Modern museums in the palaces of the western Grassfields, Cameroon

SOURCE: Afrika Focus
OUTPUT TYPE: Journal Article
Print: HSRC Library: shelf number 9558
HANDLE: 20.500.11910/10530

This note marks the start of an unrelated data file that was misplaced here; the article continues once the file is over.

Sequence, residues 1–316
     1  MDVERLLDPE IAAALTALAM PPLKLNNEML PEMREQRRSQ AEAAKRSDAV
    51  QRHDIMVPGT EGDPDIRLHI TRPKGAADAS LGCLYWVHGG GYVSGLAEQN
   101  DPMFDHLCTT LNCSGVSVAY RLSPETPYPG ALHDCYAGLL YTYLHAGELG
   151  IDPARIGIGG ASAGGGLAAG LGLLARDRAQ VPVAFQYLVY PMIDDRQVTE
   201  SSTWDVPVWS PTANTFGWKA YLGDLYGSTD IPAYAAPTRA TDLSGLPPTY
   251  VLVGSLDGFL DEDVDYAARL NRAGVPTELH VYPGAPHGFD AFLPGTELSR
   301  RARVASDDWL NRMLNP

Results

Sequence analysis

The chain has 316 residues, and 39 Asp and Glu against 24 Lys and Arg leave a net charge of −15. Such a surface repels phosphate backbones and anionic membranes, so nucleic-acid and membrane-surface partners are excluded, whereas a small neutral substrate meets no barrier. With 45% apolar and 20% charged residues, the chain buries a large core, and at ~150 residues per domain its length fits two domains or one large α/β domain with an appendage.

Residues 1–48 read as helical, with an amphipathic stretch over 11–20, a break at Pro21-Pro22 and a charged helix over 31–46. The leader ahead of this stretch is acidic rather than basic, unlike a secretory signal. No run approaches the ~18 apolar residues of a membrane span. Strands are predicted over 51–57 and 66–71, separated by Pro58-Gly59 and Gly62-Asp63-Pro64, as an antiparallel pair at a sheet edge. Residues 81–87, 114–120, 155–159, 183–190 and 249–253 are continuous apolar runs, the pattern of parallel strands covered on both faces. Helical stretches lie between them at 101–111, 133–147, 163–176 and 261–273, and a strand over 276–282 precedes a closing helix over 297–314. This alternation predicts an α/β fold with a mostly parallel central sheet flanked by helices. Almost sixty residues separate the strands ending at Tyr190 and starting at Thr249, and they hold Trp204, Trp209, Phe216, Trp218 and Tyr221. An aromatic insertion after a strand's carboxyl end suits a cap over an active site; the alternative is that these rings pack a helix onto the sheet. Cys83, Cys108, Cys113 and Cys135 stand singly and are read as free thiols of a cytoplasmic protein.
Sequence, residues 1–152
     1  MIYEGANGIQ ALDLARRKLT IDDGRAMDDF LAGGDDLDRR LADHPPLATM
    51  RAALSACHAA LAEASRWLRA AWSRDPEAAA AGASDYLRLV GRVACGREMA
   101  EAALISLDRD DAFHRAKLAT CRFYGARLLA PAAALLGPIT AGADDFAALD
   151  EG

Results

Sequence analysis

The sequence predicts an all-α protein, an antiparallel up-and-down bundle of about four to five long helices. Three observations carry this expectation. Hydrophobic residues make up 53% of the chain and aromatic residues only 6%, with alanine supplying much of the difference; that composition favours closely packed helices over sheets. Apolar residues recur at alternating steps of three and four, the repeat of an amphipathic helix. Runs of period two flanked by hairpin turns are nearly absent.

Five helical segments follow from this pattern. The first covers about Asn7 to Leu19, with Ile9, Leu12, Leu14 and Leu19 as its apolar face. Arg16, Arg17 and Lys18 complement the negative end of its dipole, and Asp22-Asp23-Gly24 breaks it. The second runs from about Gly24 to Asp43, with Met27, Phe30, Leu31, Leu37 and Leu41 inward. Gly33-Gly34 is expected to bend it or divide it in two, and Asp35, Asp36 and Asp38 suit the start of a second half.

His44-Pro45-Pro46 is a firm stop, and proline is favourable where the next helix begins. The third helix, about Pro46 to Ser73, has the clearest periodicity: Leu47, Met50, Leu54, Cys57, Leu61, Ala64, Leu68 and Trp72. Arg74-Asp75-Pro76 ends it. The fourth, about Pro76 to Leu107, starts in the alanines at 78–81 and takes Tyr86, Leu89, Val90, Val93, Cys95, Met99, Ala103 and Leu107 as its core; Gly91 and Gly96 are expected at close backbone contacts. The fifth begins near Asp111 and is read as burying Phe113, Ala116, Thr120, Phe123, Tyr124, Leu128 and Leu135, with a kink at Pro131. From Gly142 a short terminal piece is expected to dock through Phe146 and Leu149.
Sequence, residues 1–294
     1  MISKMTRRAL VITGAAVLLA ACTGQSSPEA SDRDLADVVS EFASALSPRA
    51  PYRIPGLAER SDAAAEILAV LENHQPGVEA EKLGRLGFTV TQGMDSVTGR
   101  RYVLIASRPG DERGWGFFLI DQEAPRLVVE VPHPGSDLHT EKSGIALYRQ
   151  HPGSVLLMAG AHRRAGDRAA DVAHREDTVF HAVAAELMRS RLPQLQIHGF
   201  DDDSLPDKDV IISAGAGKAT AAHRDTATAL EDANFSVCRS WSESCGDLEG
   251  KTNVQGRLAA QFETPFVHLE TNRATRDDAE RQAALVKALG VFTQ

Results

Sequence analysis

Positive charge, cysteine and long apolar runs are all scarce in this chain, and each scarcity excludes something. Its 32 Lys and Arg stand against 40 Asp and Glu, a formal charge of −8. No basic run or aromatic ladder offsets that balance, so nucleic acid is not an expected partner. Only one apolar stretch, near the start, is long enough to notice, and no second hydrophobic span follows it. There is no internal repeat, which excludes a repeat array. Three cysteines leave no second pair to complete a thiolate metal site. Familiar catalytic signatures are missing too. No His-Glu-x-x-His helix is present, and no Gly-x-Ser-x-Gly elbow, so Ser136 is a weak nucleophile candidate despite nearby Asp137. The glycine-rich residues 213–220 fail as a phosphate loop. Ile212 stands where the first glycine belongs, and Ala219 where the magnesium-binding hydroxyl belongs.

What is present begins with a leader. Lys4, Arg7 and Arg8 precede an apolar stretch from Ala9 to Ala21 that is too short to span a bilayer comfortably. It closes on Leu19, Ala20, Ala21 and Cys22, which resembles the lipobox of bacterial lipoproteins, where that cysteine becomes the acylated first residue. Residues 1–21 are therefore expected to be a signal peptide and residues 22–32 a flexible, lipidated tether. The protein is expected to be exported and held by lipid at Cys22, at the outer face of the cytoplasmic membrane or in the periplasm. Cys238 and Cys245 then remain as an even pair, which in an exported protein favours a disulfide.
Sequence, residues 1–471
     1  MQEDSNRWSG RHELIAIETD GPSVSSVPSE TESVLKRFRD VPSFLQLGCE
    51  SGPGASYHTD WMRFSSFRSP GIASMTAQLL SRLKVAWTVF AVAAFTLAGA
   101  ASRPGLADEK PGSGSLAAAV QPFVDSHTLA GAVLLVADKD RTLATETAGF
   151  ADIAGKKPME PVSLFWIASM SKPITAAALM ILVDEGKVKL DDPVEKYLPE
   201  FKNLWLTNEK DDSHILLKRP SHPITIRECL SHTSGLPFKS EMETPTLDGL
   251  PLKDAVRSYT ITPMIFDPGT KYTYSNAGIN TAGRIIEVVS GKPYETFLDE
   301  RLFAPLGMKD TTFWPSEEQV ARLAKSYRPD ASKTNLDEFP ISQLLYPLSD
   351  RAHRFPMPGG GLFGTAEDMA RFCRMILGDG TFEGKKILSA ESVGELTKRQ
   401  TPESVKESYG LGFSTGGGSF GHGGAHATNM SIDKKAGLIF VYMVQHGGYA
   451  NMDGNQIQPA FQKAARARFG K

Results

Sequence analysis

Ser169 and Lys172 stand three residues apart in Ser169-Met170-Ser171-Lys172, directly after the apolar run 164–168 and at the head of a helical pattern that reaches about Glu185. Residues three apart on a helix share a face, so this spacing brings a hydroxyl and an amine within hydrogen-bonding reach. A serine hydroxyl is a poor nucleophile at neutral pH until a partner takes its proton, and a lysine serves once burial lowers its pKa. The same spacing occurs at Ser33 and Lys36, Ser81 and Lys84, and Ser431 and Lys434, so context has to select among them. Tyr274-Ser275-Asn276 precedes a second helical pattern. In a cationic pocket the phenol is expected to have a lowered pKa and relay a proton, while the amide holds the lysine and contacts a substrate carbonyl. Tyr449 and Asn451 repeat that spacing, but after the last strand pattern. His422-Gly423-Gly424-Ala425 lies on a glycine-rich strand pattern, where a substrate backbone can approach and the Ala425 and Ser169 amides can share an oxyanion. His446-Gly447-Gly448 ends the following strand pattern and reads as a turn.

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This paper suggests that the recent interest in modern museums in the palaces of the Grassfields is obscurely associated with the need to transform the palaces and, more importantly to address the multiple problems plaguing the royal treasury or traditional palace museums. The paper argues that unlike the royal treasury, the modern museum is significant, partly because it constitutes a democratic space, and partly because it articulates and can be associated with the irony of change and continuity. The findings are based on qualitative data collected from documents and from ethnographic studies on the emergence of modern museums across the region. The paper has contributed to the scholarship on Cameroon, and, in particular, extended Michael Rowlands' (2008) seminal work on curating postcolonial pasts in the Grassfields by unveiling the modern museum as a democratic lens through which to view the undemocratic royal treasury. The study suggests among others, the need for the Grassfields population to embrace the modern museum - and to see it as a continuation of the royal treasury. The practical implication is to tailor the modern museum to the socio-cultural needs of the target population-particularly women and youths since they are generally excluded from the activities of the royal treasury.